The tyres are just as important too, as are wheel trims and wheel spokes. Check the tyres for any damage and that the wear on the tread across each tyre is even, not forgetting any spare that the car may have, and check trims and spokes for scratches and deterioration.

Checking the inside of the vehicle


Make sure that it is clean, valeted and smells nice.

Take a close look at all the upholstered areas for odours, tears, burns, stains and wear. As a family car is likely to have 'suffered' from having children in it, this is a special area that you should concentrate on.

Make sure that any controls on the dashboard and all technology are there and all work. We are talking about audio equipment and accessories as well as any touchscreens and Sat Navs that come with the vehicle. It is also advisable to clear any personal information from the equipment too.

What will incur a charge?

  • Scratches over 25mm (relative to the vehicle’s age and mileage)
  • Scratches under 25mm (where the primer and bare metal is showing) 
  • Accident damage and dents 
  • Missing sets of keys 
  • Missed services 
  • Missing documentation 
  • Damaged or stained interior 
  • Windscreen chips 
  • Wheel damage due to kerbing

Obviously, as a car will have been in your possession for usually 2-3 years, there will be a certain amount of wear and tear, and the finance company will accept that - which is why the BVRLA brought out their guidelines.

The vehicle is to be returned in a safe and roadworthy condition, with all the appropriate documentation such as service history, spare keys and equipment included and must be a clean condition, ready for inspection. What is generally termed as acceptable is/are, subject to different finance companies implying different standards of what they see as Fair Wear and Tear:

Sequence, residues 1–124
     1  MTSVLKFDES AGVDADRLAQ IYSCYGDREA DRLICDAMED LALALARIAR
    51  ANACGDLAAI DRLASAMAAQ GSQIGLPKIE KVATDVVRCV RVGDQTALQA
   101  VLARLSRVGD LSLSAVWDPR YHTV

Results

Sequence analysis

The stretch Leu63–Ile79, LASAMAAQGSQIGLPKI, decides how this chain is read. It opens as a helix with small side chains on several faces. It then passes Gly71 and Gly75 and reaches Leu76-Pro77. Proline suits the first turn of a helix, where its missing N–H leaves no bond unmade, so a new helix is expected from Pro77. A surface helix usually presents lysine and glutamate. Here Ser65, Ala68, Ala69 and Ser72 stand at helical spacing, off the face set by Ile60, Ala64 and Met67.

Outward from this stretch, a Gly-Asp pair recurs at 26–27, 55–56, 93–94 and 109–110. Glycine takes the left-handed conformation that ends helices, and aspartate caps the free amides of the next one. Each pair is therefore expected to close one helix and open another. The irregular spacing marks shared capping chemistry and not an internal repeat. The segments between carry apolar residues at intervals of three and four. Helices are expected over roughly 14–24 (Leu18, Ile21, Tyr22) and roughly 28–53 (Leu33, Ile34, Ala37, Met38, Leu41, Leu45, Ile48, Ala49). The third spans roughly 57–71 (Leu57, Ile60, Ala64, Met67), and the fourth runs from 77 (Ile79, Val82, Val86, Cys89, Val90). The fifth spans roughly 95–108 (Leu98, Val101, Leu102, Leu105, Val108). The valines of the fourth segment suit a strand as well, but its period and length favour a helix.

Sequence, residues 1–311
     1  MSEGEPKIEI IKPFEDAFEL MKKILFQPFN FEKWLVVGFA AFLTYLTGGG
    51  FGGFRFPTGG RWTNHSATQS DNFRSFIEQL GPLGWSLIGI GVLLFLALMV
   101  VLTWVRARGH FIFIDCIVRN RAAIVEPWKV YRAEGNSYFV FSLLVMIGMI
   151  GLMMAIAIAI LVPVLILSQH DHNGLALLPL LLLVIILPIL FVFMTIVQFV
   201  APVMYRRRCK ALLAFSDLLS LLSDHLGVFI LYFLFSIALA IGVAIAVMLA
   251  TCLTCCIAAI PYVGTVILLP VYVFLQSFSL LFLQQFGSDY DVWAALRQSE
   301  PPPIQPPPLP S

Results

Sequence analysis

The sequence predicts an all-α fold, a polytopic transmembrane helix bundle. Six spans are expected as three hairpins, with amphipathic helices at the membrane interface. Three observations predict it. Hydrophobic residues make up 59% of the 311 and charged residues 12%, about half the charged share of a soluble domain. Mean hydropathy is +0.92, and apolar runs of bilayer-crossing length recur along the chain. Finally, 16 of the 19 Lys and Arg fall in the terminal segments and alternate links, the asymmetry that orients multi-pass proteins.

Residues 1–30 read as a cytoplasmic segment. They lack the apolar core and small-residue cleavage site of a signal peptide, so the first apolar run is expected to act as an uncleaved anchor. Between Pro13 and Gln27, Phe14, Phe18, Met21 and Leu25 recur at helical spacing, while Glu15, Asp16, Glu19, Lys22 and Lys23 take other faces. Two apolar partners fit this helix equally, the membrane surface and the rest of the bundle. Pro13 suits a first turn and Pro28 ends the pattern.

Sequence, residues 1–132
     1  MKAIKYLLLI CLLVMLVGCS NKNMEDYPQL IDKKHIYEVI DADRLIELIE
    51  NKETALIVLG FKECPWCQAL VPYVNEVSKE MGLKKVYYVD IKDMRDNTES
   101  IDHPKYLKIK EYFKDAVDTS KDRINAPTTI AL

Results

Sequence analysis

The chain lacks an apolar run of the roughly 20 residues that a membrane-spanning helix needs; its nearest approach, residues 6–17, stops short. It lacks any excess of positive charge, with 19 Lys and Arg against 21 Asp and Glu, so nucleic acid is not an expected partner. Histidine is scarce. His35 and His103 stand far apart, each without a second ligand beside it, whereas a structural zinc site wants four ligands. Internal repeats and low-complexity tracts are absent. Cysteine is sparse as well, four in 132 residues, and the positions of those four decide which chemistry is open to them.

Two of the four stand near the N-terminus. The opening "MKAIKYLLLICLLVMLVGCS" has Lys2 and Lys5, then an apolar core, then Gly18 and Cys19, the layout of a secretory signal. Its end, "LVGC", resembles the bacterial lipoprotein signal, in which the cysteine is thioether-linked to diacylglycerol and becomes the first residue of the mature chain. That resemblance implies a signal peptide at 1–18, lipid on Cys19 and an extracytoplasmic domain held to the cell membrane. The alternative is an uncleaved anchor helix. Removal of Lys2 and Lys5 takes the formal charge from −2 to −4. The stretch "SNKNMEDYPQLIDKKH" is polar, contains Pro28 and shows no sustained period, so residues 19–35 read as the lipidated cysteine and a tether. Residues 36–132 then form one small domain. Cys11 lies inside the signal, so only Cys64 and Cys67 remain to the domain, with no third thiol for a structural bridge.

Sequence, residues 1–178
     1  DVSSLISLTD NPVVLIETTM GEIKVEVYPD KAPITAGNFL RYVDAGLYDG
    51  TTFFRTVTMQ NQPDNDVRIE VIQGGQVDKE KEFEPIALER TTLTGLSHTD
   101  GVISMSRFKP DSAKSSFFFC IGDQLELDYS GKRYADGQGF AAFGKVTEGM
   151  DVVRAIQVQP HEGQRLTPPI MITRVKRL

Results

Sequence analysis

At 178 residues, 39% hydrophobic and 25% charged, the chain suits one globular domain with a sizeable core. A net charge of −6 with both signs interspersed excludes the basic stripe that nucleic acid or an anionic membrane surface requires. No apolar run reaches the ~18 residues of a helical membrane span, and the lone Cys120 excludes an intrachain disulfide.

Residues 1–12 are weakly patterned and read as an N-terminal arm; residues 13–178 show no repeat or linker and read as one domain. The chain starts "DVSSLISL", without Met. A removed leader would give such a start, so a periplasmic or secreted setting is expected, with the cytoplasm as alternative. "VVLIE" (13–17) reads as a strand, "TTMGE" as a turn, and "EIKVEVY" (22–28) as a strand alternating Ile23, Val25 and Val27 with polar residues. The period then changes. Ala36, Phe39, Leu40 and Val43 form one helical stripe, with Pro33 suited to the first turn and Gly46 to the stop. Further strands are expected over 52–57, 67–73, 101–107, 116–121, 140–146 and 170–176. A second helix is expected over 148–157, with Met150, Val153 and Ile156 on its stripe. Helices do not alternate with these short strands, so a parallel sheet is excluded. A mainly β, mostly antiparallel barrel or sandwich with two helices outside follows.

• Small scratches to the windscreen outside of drivers eye sight. What is unacceptable are holes, chips and cracks in the glass, and scratches inside the drivers direct line of sight.
  • Minor scuffage to the wheels up to 25mm in length, and at the very least minimum legal requirements tread on the tyres. What is unacceptable is scoring and other damage to wheel surface, and damage to side walls or uneven tread wear.
  • Minor scuffage on the wing mirrors as long as no paintwork is damaged, with missing, damaged, or cracked wing mirrors not acceptable.
  • Minor scuffing up to 25mm in length on the bumper. Unacceptable are deep scuffs where paint is broken, and dented and cracked areas.
  • On the bodywork, it is usually acceptable that there are small areas where the paint may be chipped, light scratches up to 25mm in length (relative to the vehicle’s age) and minor dents up to 10mm providing paint is not broken. What is not acceptable are stone chips or scratches over 25mm in length that have exposed the bare metal or primer or have rusted, any impact damage, and multiple dents on a single panel.
  • Any decals (or stickers)  must be removed along with all glue residue removed, but if any damage is done in the removal, or any glue left on, this is unacceptable.
  • All interior upholstery be clean and tidy, with only slight wear and soiling through normal use. What is unacceptable are burns, tears or permanent staining, and any damage caused by the fitting of equipment such as mobile phones.

Driving a family vehicle, carrying children that will not have the same 'standards' as yourself when it comes to cleanliness in a car, or a concern regarding the return of a leased vehicle. It is suggested that any spillages and the such like are dealt with at the time rather than later to avoid possible charges at a later date.

If you want to check out more details about fair wear and tear, and other questions regarding leasing, be it personal or business, check out our FAQ article here.